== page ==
What I have noted here, and much more that is not written, suggests that moving in a direction that would make us less dependent on oil and gas is now an imperative. But there are few signs of alternative strategies. Manufacturing, once quite robust, has been in the doldrums for years. Food production is picking up, but we do not have the land space that will allow us to produce more than 20 per cent of our nutrition requirements. We have heard a whole lot about “knowledge-based economy”, which confuses me: I thought knowledge is essential for just about everything we do.

The latest buzz words/phrases are “ICT” and “innovation-led economy” …more confusion for me. Really, have we not missed the high-tech flight? Microsoft’s Bill Gates has retired and Apple’s Steve Jobs is dead and we are yet to develop even an “app”! How the hell do we expect to compete against tech-savvy countries like India, China, Singapore? Let’s get real, realise our limitations, and work with what we have, toward goals we can realistically achieve.

Truth be told, we have free education from pre-school through university, but on a pro-rated basis we are churning out fewer well-rounded, intelligent human beings than we did 50 years ago. Intellectuals? Forget it. They are so few, they are near invisible. Cultured? Wha ees dat? Soca or chutney?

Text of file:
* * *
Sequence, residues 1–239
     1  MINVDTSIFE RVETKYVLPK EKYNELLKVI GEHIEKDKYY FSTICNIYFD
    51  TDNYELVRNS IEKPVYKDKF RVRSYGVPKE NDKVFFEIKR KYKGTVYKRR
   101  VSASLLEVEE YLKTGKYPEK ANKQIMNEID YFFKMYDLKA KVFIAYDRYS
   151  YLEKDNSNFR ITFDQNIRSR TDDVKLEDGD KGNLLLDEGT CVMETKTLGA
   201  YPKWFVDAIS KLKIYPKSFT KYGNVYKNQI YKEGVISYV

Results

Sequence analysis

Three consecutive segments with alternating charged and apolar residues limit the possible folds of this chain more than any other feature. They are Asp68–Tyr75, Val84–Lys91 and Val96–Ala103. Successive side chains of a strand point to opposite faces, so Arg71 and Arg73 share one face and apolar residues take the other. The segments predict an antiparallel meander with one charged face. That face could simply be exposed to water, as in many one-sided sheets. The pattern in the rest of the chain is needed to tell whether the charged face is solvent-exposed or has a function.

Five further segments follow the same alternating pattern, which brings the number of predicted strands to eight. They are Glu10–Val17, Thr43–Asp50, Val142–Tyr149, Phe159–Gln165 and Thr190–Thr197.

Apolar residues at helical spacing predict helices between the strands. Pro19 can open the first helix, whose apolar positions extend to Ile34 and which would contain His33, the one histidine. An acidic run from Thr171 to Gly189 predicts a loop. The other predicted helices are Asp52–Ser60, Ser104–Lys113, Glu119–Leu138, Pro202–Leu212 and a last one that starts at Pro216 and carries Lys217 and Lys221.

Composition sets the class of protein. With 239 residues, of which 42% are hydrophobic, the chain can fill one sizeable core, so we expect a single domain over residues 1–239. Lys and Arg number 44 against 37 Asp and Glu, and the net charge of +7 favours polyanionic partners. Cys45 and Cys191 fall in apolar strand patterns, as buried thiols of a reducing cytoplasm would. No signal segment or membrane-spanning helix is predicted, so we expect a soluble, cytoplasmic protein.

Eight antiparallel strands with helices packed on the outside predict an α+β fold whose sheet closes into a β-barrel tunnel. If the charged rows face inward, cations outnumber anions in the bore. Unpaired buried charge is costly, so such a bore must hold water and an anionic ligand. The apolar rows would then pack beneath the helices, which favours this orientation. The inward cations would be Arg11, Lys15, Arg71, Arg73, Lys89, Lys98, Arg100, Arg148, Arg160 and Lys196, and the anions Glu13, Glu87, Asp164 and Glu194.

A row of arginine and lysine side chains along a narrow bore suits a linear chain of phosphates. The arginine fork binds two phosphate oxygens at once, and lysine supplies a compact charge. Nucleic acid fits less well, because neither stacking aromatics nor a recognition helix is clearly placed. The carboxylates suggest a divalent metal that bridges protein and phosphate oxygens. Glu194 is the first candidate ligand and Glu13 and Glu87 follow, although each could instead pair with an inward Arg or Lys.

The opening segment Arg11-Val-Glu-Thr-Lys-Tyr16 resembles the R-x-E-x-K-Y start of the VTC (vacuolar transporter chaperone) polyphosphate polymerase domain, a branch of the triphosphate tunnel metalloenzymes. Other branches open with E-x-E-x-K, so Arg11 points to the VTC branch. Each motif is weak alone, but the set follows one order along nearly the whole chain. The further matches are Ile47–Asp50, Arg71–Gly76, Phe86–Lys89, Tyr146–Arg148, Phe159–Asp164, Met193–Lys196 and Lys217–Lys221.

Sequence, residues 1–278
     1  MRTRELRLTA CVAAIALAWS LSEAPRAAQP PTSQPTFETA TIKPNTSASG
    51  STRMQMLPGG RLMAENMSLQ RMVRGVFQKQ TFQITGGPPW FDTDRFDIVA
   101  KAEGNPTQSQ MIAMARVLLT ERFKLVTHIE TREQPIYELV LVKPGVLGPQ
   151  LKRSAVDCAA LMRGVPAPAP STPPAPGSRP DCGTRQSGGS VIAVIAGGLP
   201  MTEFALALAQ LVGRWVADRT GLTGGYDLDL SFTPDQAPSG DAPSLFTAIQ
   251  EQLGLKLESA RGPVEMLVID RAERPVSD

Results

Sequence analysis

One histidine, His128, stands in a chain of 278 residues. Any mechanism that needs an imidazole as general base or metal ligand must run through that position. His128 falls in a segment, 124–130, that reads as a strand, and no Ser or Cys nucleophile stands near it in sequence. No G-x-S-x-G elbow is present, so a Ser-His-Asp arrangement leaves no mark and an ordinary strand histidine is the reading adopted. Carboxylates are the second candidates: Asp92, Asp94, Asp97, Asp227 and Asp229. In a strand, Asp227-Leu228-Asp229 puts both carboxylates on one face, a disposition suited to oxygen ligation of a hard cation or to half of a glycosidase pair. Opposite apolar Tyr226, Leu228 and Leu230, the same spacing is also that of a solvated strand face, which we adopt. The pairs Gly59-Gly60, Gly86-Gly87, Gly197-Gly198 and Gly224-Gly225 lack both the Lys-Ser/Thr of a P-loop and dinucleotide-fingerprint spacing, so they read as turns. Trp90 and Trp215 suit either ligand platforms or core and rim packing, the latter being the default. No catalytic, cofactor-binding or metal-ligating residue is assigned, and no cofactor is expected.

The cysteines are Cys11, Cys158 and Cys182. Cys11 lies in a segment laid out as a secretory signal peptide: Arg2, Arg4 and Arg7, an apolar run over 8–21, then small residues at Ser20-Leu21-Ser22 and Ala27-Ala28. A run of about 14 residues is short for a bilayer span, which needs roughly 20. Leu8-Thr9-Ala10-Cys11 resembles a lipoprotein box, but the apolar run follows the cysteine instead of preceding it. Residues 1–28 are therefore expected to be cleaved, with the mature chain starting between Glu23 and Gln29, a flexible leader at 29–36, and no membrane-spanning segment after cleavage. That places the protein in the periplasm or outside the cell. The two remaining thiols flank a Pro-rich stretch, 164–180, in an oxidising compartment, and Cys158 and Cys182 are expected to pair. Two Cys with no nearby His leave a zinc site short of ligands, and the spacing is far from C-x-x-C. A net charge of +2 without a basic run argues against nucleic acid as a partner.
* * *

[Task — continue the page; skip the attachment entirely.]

Look, while I worry about my country, its economy, its future, I am entitled to a laugh or two. Seriously, though, how does the Government plan to mount an economic rescue mission in a period of inglorious uncertainties? We have some very bright and experienced people out there who are patriots, who will give their all for their people and their country. Tap into their fertile brains for solutions to the economic crisis that looms large on the horizon.

We cannot afford the luxury of partisan politics at this critical point. Already, we are saddled with an unacceptable level of indigence. Poverty affects the young and unemployed as much as it impacts on the aged, many of whom are condemned to die in destitution. Without adducing data, I can safely assume that around 500,000 people in Trinidad and Tobago eke out an existence barely above the poverty line.

It is time to address the imbalances in society that have brought us to this sorry pass. As we move to stimulate economic activity, we must simultaneously narrow the gap between the filthy rich and those who live in abject poverty. In the process, we do not eliminate the middle classes: we strengthen them.

Whatever is necessary to save us from falling into the abyss of a failed state, we must do it now. We cannot wait another year to act decisively. Dookeran has the onerous task of starting that process from tomorrow. His Budget must be an instrument for reconstruction of a wounded nation.

6 Responses to “Budget must reverse economic decline”